(c) P. Copner
Paul Copner photographed this immature Red Kite on 27/03/13 in a field just west of Landimore, feeding on what Paul thought looked like sheep's afterbirth. Gwyn Roberts informed us this is a Gower bred bird, now in it's second calendar year. [NB. This is one of the birds reported by Mark in January, see here Tagged Red Kites.]

06 April 2013


c12 Waxwings flying and calling today near Penrice.

05 April 2013

Butcher Bird

A Great Grey Shrike showed well yesterday in a clear felled area near Crynant, but not today. Rob Jones and I watched it catch at least 4 Common Lizards and this unfortunate Shrew.
It was interesting to watch the Shrike first take the Shrew to a dead tree, where it killed it and impaled it on the jagged edge of a snapped branch. It didn't leave the Shrew there however, instead taking it down to a lower level 'larder.' A fallen Spruce with a short branch, splayed at the end, making for an ideal place to peg out the Shrew for consumption later on. With the puncture already in place the Shrike was able to position its kill at the lower level very quickly before flying off and, presumably, in doing so lessening the chances of losing it later on to an opportunistic scavenger.
Having just left the Shrew the Shrike flew to a distant dead tree where it very quickly afterwards, dropped to the ground to catch a Common Lizard, which it killed and ate immediately.

04 April 2013

a few more insects

Things are slowly starting up anywhere the sun gets to and the wind doesn't. Under the awning to the national Pool the Anthophora plumipes males are patrolling but hopefully there are no females about yet as the currant bushes are not yet in flower on the allotments nor is whatever else they use, just a few dandelions.

There was also one Lasioglossum morio female on dandelion:

The females occur alone at this time of the year nesting in bare ground and the males emerge later. They are thought to be primitively eusocial i.e. with workers the same as the queens. The head and thorax is more metallic bronzy green than this flash photo shows, the males are altogether more metallic green. Beware there are other species of metallic green Lasioglossum, I have recorded smeanthellum from gower. I have also recorded the small Andrena minutula from this site so the wings need checking carefully although it is not metallic.
In the university I found my first Platycheirus albinanus of the year, a female. This very common hoverfly has pairs of grey spots on the abdomen in the female but again beware as there are other species less common.

Last week I was at Oxwich one day and noticed the Dwarf Willow was not yet in flower in the dune slacks. When it is there will be many Colletes cunicularius feeding on the flowers and nesting on the sandy dune slopes. As you can see they look a bit like small bumble or honey bees:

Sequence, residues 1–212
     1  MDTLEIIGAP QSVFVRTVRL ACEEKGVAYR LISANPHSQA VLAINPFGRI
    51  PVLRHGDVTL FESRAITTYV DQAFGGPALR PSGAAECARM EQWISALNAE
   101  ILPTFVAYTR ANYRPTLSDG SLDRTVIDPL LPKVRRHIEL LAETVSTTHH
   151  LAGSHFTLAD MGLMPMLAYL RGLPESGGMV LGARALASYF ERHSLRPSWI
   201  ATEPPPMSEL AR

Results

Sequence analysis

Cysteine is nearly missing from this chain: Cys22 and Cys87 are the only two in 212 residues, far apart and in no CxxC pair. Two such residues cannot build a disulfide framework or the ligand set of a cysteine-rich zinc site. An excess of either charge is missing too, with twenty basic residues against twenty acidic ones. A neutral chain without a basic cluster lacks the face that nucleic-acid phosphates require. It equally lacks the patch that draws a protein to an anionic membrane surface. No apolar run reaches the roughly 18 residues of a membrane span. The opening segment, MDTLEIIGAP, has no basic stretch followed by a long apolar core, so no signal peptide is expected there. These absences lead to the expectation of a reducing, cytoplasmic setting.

but if you check the wing you will see a bend where marked with a V which goes towards the tip of the wing, a characteristic of Colletes bees.

This bee is nationally quite scarce, I (and others) have found it on most of the gower dune systems but I have put it up becuase it is supposed to be spreading north and away from the coasts so might be worth keeping an eye out for inland.

If the warm weather promised for next week doesn't bring too much rain we might actually be able to get this spring under way, good luck.

03 April 2013

Colour-ringed Sandwich Tern

Rein Part sent me some images of Sandwich Terns at Whiteford Point taken yesterday, including one that was colour-ringed. Unfortunately the code can't be read clearly, so on the off-chance these birds stick around it would be very useful if someone could record the ring details.
Other spring migrants worth looking out for at present are Wheatears, which seem in good supply; Ring Ouzels, seen at four site on or near the coast in the last week or so; and of course Sand Martins and Chiffchaffs, with a good selection of scattered records of these early returners. Hopefully as the weather warms up we'll see a much bigger influx. For first arrival dates in East and West Glamorgan check out this LINK

01 April 2013

Cwmdulais river mosses

The acidic water flowing down the Afon Dulais above Pontarddulais supports a limited but distinctive suite of species, two of the most abundant being Alpine Water-moss (Fontinalis squamosa) and Claw Brook-moss (Hygrohypnum ochraceum). These dark aquatic species grow on in-stream rocks and boulders forming part of characteristic community.
Alpine Water-moss (Fontinalis squamosa)
Claw Brook-moss (Hygrohypnum ochraceum)
Flushed pastures alongside the river that aren't covered in Rhododendron are more diverse with noteworthy species including locally frequent Whorled Caraway (Carum verticillatum) , Round-leaved Crowfoot (Ranunculus omiophyllus), Ivy-leaved Bellflower (Wahlenbergia hederacea) and the luxuriant foliage of Marsh Forklet-moss (Dichodontium palustre).
Whorled Caraway leaves growing overGrove Earwort (Scapania nemorea)
Marsh Forklet-moss (Dichodontium palustre)